‘Twas a fine Saturday morning—chirping sparrows flitted across blue skies; flowers dappled the trees in all the lively colours of summer; and over patches of blooming clover bees frolicked, skipping like the little ball on a karaoke screen that lets you know when to sing each syllable. Drexel Hoffman strode like a man about to break into song in a 1950s musical, as well he might, for there was something special in the air—something apprehended not with the senses, but with the soul. He visited the town markets, where he purchased five plump green apples, a punnet of cherries two dollars cheaper than the others (because it had a mouldy cherry), and a small lemon tart.
On the way home he passed the foot of Glenwood street. He stopped to peruse a homemade cardboard notice taped to the street sign, which read:
16 GLENWOOD STREET
“Looks like it’s my day for a bargain,” said Drexel. With a skip, a whistle and a tip of his hat, he turned and headed up the path to the house with the green roof. “Here it is,” he said, noting the shiny numbers one and six (in that order) on the brick mailbox. “Definitely the place.” From the open garage door it appeared the house had vomited its contents all over the pebble driveway: all manner of small furniture, old appliances, baskets of knick-knacks, and a variety of barely used exercise equipment. Drexel wandered the collection of semi-rubbish, hoping for that once-in-a-lifetime find. A pale blue sewing machine was a steal at eight dollars. Hmm, no. What about a kid-size bodyboard with the words “Extreme Surf” in the middle and teeth marks in the top corner where a dog had chewed it? No, someone else could have that. A smoothie recipe book? Nah. Ten dollars for a golf putter? Pfft. Hang on—how about a left-handed acoustic guitar with two rusty strings? Drexel was right-handed. Too bad.
He sighed at the slim pickings, and resigned to purchase a faded souvenir fridge magnet, when, from inside the garage, a colourful object caught his eye. He put down the Singapore Zoo magnet and went for a closer look. In the corner of the garage, sitting atop of a humming refrigerator, was a basketball. It was red, white and blue—just like the ones the Harlem Globetrotters used! The garage sale’s proprietor, a heavyset man with a moustache, approached. “How ya doin’, mate?” he said.”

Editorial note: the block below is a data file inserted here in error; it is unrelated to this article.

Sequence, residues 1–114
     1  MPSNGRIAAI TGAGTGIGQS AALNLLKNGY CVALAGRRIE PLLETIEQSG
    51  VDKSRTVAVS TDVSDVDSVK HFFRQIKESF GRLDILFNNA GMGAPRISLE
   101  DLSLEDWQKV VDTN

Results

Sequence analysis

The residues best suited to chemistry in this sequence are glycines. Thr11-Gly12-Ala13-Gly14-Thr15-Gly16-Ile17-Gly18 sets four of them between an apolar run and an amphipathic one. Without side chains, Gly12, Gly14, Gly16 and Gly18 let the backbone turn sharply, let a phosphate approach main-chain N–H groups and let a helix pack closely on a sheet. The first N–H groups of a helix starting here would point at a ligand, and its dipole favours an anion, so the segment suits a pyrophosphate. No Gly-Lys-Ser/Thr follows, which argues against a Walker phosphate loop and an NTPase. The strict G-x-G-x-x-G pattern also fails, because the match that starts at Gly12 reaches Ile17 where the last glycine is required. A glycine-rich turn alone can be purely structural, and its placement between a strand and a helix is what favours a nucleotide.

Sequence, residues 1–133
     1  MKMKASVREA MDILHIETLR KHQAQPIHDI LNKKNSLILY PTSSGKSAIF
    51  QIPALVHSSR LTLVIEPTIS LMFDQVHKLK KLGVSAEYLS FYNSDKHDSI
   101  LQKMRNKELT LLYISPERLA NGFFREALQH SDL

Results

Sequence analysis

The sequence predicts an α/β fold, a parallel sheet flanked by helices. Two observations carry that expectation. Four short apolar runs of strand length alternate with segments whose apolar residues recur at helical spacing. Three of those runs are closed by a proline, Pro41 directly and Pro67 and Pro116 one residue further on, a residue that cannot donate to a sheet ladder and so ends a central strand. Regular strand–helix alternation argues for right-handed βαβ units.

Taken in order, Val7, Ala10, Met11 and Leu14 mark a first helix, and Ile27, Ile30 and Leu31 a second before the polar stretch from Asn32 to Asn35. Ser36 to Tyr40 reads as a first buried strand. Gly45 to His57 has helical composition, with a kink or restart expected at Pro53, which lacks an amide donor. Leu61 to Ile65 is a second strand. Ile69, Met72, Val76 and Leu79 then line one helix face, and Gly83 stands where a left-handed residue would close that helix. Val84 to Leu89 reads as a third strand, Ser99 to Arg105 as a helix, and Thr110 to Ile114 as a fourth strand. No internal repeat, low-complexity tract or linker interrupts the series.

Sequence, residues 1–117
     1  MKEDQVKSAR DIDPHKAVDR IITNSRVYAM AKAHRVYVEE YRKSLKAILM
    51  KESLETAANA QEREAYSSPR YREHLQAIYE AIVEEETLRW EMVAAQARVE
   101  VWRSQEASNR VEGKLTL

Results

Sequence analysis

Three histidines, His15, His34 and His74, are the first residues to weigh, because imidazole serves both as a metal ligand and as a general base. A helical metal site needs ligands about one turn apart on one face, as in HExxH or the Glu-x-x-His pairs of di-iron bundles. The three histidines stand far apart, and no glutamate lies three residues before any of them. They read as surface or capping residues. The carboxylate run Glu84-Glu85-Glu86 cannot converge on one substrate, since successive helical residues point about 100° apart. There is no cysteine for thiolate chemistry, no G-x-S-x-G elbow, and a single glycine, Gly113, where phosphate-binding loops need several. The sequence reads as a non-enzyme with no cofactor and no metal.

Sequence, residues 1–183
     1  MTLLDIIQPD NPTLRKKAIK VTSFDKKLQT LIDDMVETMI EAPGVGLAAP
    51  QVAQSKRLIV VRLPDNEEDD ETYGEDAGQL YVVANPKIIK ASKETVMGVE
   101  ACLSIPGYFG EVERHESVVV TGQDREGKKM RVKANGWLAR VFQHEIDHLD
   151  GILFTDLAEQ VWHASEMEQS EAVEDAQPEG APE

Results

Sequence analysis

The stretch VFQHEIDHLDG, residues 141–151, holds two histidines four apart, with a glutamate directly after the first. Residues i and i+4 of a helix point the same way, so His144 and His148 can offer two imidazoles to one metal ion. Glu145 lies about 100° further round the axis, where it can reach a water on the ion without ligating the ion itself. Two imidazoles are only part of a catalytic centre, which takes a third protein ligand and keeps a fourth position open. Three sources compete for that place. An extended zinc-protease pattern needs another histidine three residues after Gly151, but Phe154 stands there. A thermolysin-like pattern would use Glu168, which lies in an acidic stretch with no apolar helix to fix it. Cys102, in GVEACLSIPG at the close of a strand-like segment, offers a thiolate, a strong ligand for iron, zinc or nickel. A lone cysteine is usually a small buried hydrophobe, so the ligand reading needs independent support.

“Great,” replied Drexel. “How much is that basketball there?”
The man turned and saw the ball on the fridge, and then turned to Drexel with a strangely anxious look. “I forgot that was there,” said the man. “That’s not for sale.”
“Oh, really?” Drexel’s shoulders slumped. He thought for a second then took out his wallet and rifled through its coin pocket.
“Seriously,” said the man. “That ball, it… well, you see…” The man shook his head. “Just trust me—you’re better off without it.”
“I’ll give you three bucks for it,” said Drexel.
The man winced and hesitantly shook his head. He turned to the ball, then back to Drexel. He scratched the back of his head, looking at the coins Drexel offered in his palm. “Ahhhh… yeah, all right. It’s yours.” The man fetched the ball, swapped it for Drexel’s money, then saw him to the driveway. “That ball is yours now,” he said. He went to say something else, but then stopped. He sighed, patted Drexel on the shoulder, and then went back to the garage.
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